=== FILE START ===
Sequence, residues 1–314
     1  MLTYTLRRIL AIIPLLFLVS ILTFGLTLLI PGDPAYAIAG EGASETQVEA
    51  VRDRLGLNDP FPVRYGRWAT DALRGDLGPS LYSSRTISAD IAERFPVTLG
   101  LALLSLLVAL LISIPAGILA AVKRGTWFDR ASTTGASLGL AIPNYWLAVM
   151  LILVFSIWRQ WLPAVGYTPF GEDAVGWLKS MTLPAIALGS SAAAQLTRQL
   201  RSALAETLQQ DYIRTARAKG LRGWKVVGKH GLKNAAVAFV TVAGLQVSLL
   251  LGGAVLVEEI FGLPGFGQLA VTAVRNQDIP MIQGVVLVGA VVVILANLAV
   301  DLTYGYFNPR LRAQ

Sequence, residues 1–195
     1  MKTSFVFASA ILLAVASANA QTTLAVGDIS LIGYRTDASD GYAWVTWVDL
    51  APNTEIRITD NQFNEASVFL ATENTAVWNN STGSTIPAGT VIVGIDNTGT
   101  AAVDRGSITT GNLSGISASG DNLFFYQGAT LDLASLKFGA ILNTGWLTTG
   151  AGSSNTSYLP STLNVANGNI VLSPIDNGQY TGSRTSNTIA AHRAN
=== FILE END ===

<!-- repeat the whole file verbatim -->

Sequence, residues 1–314
     1  MLTYTLRRIL AIIPLLFLVS ILTFGLTLLI PGDPAYAIAG EGASETQVEA
    51  VRDRLGLNDP FPVRYGRWAT DALRGDLGPS LYSSRTISAD IAERFPVTLG
   101  LALLSLLVAL LISIPAGILA AVKRGTWFDR ASTTGASLGL AIPNYWLAVM
   151  LILVFSIWRQ WLPAVGYTPF GEDAVGWLKS MTLPAIALGS SAAAQLTRQL
   201  RSALAETLQQ DYIRTARAKG LRGWKVVGKH GLKNAAVAFV TVAGLQVSLL
   251  LGGAVLVEEI FGLPGFGQLA VTAVRNQDIP MIQGVVLVGA VVVILANLAV
   301  DLTYGYFNPR LRAQ

Sequence, residues 1–195
     1  MKTSFVFASA ILLAVASANA QTTLAVGDIS LIGYRTDASD GYAWVTWVDL
    51  APNTEIRITD NQFNEASVFL ATENTAVWNN STGSTIPAGT VIVGIDNTGT
   101  AAVDRGSITT GNLSGISASG DNLFFYQGAT LDLASLKFGA ILNTGWLTTG
   151  AGSSNTSYLP STLNVANGNI VLSPIDNGQY TGSRTSNTIA AHRAN